My heart was heavy three years ago when I wrote about this week’s Torah portion, Mishpatim (“Laws), and its injunctions to treat foreigners and resident aliens fairly. Mistreatment of refugees who cross into my country, the United States, was on the rise. So was intolerance of resident aliens already living and working here. A demagogue had got himself elected president of the U.S.A. by encouraging people to blame immigrants for their problems instead of asking for reform.
You can read my post here: Mishpatim & Psalms 39 and 119: Foreigners.
This year, although I still worry about the news from the United States, I am caught up in the experience of being a foreigner myself. I am not exactly a geir (גֵר) = foreigner, stranger, resident alien, sojourner, immigrant, non-citizen. I have my American passport, and eventually my husband and I will return to the country where we were born. In case of a serious emergency, we have travel insurance and the promise of help from a U.S. consul.
Nevertheless we are strangers, and in each new country where we rent an apartment for two weeks to two months, we have to figure out how things work. We find some people who speak enough English to answer some of our questions, but we pick up other rules for behavior by observation.
Our biggest challenge was our first country, Czechia. That’s where we learned how to arrange our lives around laundry. The European norm is to have a small washing machine in your apartment and hang up your clothes to dry. In Prague you drape clothes over a drying rack. Everywhere else we’ve been, you also have the option of pinning your wet clothing to a line strung outside a window (if you can reach the line and you know you won’t drop anything). Either way, laundry takes a long time to dry, and must be managed carefully so your supply of wet clothing does not back up.
Czechia is also where we learned not to smile all the time, the way Americans do. People respond better if you smile at them only when it is customary—and the customs are different in each country.
Food is also a challenge for us everywhere, thanks to the language barrier and the limitations in our diets. At grocery stores, we go by the pictures on the packages as much as we can. Asking our cell phones for translations of specific words can lead to humorous results. Asking other shoppers can lead to blank stares, and asking store employees is a gamble. One clerk might struggle through the language barrier to help us, and teach us how to pronounce a new word in the process. Another might glare and snap something incomprehensible to us.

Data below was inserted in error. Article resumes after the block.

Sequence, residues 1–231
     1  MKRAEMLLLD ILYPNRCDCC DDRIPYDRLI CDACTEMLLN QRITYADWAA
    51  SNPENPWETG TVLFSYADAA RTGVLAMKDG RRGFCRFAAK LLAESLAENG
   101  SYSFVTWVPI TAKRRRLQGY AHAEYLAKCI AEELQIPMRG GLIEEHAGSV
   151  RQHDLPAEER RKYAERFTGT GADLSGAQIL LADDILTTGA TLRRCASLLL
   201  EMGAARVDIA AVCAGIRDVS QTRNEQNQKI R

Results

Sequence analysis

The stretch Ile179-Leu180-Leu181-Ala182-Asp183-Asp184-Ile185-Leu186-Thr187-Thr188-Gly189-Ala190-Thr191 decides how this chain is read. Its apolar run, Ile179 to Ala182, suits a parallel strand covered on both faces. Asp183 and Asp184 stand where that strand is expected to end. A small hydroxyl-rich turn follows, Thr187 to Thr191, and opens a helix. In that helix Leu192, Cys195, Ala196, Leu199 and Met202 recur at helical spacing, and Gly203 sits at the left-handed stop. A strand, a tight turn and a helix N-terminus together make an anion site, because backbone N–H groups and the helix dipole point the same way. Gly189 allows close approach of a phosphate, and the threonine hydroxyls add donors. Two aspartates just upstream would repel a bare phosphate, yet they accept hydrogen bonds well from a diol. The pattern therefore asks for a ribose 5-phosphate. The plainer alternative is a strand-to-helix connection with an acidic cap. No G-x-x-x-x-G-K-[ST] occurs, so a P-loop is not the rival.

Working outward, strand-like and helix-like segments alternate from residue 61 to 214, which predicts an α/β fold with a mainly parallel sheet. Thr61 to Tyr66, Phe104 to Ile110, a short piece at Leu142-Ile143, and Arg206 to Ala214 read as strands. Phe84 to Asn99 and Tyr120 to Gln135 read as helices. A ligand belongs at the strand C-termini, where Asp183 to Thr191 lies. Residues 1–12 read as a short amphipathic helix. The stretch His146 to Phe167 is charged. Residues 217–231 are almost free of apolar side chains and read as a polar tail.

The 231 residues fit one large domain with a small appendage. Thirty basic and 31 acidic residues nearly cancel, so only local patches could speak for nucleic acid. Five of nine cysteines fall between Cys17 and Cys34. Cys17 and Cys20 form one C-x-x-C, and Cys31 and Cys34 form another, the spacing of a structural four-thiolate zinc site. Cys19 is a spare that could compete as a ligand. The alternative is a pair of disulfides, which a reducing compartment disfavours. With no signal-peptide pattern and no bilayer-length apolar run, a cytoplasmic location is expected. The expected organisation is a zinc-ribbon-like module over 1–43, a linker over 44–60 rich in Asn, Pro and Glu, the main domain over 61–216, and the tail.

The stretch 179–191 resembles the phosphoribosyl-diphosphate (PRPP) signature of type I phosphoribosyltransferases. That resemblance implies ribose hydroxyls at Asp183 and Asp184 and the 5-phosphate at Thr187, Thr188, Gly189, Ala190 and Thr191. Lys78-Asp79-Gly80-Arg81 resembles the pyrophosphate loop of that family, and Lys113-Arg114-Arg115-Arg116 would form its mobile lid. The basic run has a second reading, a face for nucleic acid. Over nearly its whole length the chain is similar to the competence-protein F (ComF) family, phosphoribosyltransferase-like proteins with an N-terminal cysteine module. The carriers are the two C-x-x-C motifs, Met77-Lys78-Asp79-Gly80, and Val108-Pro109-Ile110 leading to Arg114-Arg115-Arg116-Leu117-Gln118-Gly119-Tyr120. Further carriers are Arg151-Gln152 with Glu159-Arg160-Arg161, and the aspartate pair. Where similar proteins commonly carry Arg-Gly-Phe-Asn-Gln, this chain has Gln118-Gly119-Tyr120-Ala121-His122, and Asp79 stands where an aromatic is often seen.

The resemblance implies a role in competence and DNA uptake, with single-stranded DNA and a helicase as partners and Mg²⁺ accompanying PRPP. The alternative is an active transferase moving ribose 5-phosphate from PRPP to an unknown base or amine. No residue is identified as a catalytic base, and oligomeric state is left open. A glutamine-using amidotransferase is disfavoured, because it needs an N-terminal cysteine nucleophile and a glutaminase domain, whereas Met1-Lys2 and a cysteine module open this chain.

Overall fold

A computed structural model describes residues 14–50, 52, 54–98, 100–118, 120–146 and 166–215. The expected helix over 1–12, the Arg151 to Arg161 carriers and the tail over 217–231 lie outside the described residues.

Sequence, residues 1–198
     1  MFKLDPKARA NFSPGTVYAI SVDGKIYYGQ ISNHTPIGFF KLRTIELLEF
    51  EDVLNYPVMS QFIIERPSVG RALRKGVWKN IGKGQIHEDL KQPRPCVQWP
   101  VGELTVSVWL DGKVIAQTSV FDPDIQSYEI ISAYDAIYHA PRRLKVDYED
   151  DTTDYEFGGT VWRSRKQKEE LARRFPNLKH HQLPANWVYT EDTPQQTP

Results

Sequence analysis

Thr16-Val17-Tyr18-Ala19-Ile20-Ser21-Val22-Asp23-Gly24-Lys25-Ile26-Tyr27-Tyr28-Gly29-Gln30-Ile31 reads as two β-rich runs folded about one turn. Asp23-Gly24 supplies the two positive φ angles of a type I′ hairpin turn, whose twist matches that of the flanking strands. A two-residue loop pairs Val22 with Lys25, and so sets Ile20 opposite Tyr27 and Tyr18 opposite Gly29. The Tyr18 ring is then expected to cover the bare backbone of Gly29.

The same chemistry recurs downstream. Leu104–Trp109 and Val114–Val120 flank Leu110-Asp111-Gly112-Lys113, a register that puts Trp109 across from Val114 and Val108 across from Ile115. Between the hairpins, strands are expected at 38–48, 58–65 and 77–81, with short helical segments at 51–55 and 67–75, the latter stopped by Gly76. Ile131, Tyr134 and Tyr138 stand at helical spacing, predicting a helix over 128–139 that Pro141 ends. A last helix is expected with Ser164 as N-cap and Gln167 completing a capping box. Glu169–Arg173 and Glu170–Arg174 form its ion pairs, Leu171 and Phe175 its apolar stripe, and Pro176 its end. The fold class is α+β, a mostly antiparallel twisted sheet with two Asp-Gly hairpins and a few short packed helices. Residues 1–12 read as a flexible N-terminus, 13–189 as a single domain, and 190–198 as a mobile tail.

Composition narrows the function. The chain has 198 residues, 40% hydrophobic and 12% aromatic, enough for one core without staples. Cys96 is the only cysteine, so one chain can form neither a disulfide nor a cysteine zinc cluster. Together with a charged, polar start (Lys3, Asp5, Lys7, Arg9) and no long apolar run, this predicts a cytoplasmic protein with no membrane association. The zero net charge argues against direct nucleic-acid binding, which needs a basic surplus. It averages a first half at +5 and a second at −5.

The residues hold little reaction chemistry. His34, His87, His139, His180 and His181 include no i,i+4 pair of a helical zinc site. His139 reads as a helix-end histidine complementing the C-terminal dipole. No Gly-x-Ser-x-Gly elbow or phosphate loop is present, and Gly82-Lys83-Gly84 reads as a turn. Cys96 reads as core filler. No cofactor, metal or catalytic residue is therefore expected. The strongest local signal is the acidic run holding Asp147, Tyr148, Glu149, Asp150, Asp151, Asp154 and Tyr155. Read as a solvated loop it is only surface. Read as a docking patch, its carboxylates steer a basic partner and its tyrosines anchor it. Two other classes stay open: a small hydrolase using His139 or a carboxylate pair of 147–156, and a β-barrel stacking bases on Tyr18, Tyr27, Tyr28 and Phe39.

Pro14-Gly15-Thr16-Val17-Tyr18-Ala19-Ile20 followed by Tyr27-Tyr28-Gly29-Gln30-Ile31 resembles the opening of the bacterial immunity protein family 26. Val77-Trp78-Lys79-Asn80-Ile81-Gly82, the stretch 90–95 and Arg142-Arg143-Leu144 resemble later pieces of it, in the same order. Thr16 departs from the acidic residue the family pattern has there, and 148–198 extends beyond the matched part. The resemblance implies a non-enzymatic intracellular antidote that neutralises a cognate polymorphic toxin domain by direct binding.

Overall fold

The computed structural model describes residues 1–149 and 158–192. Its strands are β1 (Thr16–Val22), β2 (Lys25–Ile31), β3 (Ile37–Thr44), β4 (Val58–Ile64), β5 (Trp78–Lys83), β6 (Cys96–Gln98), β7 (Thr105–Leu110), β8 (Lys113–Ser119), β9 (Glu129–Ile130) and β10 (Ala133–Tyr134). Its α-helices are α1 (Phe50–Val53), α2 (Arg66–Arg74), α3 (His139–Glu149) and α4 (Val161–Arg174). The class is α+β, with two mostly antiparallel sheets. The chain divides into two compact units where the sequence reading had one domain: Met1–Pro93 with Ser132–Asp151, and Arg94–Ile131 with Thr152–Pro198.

In all four European countries where we’ve lived so far, you weigh your own produce and the machine spits out a sticker to put on your plastic bag. Sometimes. And when you go through the cashier’s line, you bag your own groceries. If you didn’t bring a bag, you buy one there.
As for restaurants, only those that cater to tourist traffic have menus with English translations. Timing also matters. In Croatia we learned that most folks eat their big meal of the day around 2:00 or 3:00 in the afternoon. We were the first customers at a fine restaurant that opened at 1:30, and not all the dishes on the menu were available yet.
Before and after the big, late lunch, Croatians go to a café and sip coffee over a leisurely conversation, making one cup last an hour or more. Many coffee bars also sell alcoholic drinks, and bar food after dark, but the slow sipping is the same. As in Italy, you pay for your coffee or your meal when you are ready to leave, not when you order it, and you have to ask for the check.
Where do you buy a city bus ticket? Which types of business are open on Sundays? What is the procedure at a post office? Where do you put your trash? The answers to these questions have been different in each city where we’ve lived.
When I reread the post I wrote in 2017 on Mishpatim and two psalms, I smiled when I reached this sentence: “The overall theme of Psalm 119 is the longing to understand what God wants—which is like the longing of geirim to understand how things work in the strange country where they now live.”
Next week we will be in Jerusalem. Unlike most pilgrims from America, we will not be part of a guided tour, but on our own, living in an apartment for a month. We will be puzzling out words in modern Hebrew, which is spelled without vowel markings, so my knowledge of Biblical Hebrew will not be much help. I have heard that Israelis are outgoing and outspoken, but I do not know how things work in their country. Even though we are Jews, we will be geirim in Israel.